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Mercedes CLS Shooting Brake Review – The Most Stylish Estate?

The origins of the term ‘shooting brake’ go back a long way but these days it’s the moniker usually given to a car crossed with a sporty coupe and a practical estate.

There’s not many of them about, but Mercedes Benz fancied having a go at knocking one up by, for all intents and purposes, chucking a load of extra car on to the back of its surprisingly popular CLS coupe-cum-saloon.
Its styling doesn’t work from all angles, but the CLS on which it’s based is a great platform and this is certainly a very eye-catching car.


The CLS sits in the Mercedes saloon range somewhere between the E Class and the S Class and that basically tells you the level of luxury you should expect inside one. And it’s no different in the longer and more practical Shooting Brake.
Whether you’d like to think of it as a down-graded S Class, or an up-market E Class, the cabin is a wonderful place to sit – with all the usual Mercedes trimmings and even the option of massaging seats.
That big extension at the back helps with rear seat headroom and makes for a very useable boot. It’s not as big as an E Class load space but more useful than you might expect.

The electrically-lifting tailgate leaves a fairly good aperture for loading, although the floor is quite shallow.


This being marketed as a ‘sporty’ alternative to the more mundane ranges of estate cars on the market, you’d like to think it drives well. And it really does.
Aside from a slight lack of feel from the steering, this rear wheel drive leviathan benefits greatly from Merc’s superb Airmatic suspension and it holds corners beautifully.
Its excellent seven speed gearbox and steering wheel mounted paddle-shifters help with the experience and, you can find yourself having a lot more fun than you might expect.


The range of engines on offer in the CLS Shooting Brake starts with the four-pot diesel 2.2 litre offering found in every other 250 variant of the Mercedes range. While this is the sensible choice, the superb V6 engine in the 350 model will be more to the tastes of those looking for a lump more be-fitting of the CLS brand, as the 250 can be a bit harsh at high revs. Although, saying that, it’s quiet at start up and is surprisingly punchy.
For petrol buyers, there’s just the bonkers V8 63 AMG version available but, to be honest, the diesel V6 is so good, you’d have to be a hard-nosed thrill-seeker to plump for the top model in this case.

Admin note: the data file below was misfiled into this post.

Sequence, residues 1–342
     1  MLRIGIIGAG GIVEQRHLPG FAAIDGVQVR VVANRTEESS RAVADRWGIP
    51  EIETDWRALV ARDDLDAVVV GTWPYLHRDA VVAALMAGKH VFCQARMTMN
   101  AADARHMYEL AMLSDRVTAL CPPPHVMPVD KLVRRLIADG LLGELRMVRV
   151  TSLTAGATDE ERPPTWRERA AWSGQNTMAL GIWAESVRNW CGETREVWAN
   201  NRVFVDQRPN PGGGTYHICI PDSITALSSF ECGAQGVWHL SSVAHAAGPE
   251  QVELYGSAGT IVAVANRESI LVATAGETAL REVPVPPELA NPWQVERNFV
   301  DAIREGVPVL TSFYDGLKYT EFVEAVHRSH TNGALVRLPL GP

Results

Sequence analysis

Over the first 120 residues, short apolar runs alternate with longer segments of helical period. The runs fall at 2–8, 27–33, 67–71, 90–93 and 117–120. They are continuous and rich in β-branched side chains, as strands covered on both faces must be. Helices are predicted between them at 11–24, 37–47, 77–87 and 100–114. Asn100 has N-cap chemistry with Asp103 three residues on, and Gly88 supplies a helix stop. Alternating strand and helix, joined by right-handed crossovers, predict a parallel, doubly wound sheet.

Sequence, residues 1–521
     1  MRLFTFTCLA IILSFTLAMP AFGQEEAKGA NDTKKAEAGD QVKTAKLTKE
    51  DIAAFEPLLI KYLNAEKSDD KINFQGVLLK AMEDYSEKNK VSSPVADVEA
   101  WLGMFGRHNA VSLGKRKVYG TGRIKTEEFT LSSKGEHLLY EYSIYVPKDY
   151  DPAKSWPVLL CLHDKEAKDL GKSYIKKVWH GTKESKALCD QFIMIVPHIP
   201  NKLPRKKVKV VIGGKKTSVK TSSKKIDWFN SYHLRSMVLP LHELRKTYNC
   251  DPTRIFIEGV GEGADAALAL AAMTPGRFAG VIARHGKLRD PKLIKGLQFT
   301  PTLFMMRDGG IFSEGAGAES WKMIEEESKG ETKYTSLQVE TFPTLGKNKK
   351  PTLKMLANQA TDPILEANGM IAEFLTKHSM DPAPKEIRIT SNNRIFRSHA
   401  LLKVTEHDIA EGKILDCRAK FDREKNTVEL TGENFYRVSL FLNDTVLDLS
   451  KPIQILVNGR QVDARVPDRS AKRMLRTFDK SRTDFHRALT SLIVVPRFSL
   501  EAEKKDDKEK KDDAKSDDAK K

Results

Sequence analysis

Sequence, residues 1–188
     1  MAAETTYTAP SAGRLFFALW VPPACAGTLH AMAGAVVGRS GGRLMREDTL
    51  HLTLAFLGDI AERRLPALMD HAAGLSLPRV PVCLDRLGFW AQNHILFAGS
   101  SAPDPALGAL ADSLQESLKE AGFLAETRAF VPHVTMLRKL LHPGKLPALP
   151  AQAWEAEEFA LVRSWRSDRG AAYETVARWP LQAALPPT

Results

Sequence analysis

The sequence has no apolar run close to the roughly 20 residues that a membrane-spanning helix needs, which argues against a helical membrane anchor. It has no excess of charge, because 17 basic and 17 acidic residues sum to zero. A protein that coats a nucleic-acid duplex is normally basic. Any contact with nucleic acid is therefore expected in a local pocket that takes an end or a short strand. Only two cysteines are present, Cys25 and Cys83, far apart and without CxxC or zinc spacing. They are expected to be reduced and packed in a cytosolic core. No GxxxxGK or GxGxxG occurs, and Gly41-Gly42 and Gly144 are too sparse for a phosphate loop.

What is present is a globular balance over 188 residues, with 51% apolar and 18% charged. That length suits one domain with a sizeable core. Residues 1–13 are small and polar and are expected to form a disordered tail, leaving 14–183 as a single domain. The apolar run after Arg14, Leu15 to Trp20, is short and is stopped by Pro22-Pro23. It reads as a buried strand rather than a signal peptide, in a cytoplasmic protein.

Value for money

This is an important point because, while it will come at no surprise that all this style and luxury comes at a cost, the E Class on which it is based will set you back far less and ultimately deliver a similar experience.
The choice needs to be made on how much you value the gorgeous looks and extra standard equipment that comes with the CLS as it starts at a cat’s whisker off 50,000 and will rise happily towards the six-figure mark for the top-spec model with all the boxes ticked.
While the level of equipment on offer is generous, as with any German luxury car there are plenty of ways to add to the cost of buying a CLS Shooting Brake and, as this is a niche model, residual values are uncertain.
However, this is a car for people who want something different and its gorgeous looks and sheer uniqueness come at a cost that may be easy to bear for many.
It may not have the market entirely to itself as other premium brands have been dipping their toes into the sporting estate sector but this is a fine choice for those that don’t mind spending a little more to stand out a lot.


The CLS oozes style and, in the right colour, looks beautiful. But it does cost a fair bit more than the more practical E Class Estate and, though it’s not small, there are better packaged big cars.
None of this will matter, though, if you’re after a modern ‘shooting brake’ and they might be few and far between, but this is certainly one of the best.

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For more information see our full summary of the Mercedes CLS alongside reviews, stats, photos and videos.
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